A MALAYSIAN national, Keng Liang Wong, was arrested in Mexico for smuggling exotic reptiles into the US and was charged for helping smuggle hundreds of live Komodo dragons, Timor pythons, Chinese alligators, and other endangered species. Wong was first indicted in 1992 for smuggling iguanas, lizards and turtles into Florida. He along with two other accomplices has smuggled more than 300 animals worth US $500,000.
The US is considered to be the largest market for endangered reptiles. The Komodo dragon, which is a huge lizard and who's habitat is limited to a few Indonesian islands, sells for US $30,000 in the black market. So is the plowshare tortoise, which is only found in a small section of north-eastern Madagascar. Another lizard-like species from New Zealand, the only surviving member of its taxonomic order for the last 60 million years, is a regular victim of the traffickers. US authorities have been trying to crack down on wildlife trafficking. Mostly, people have been caught smuggling rare exotic birds, but in recent times a number of operations has involved reptiles and amphibians. One of the most notable arrests has been that of Tony Silva, a writer of coffee table books about the plight of rare birds.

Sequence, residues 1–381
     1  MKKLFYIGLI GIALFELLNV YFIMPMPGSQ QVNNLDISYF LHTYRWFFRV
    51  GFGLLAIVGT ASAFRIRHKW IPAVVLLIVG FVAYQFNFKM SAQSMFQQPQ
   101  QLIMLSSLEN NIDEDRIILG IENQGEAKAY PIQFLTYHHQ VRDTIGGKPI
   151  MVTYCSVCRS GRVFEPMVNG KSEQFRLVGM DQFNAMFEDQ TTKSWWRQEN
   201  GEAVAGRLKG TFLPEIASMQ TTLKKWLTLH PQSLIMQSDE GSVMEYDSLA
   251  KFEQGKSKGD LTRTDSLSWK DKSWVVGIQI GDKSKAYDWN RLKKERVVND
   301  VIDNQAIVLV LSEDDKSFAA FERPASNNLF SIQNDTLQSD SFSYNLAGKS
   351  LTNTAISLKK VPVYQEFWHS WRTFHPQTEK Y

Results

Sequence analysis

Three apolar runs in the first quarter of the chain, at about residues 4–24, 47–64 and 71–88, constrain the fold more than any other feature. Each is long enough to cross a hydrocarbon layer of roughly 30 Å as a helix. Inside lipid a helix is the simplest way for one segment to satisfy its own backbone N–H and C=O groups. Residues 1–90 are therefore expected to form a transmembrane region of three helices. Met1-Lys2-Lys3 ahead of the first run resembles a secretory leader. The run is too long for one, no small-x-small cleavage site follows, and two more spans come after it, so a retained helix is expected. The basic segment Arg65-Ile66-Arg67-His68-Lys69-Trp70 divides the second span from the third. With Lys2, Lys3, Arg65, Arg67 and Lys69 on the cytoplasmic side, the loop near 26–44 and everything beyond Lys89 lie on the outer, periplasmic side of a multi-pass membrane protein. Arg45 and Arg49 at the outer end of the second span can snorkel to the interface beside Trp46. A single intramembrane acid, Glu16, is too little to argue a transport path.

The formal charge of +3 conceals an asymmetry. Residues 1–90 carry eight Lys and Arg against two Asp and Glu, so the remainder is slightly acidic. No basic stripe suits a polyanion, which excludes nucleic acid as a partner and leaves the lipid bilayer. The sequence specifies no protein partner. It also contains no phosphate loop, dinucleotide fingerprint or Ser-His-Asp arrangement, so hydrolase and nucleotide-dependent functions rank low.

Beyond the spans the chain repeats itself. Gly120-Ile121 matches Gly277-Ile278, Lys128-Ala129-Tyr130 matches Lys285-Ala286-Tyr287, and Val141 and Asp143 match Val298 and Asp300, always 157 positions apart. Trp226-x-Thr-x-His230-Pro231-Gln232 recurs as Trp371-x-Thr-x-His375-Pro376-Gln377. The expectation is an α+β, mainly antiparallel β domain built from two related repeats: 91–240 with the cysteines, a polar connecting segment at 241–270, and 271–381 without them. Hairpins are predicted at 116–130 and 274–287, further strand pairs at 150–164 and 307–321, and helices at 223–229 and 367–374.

Wong has been accused of smuggling reptiles through human couriers, falsifying invoices of shipments, and concealing endangered animals in shipments of legal ones.
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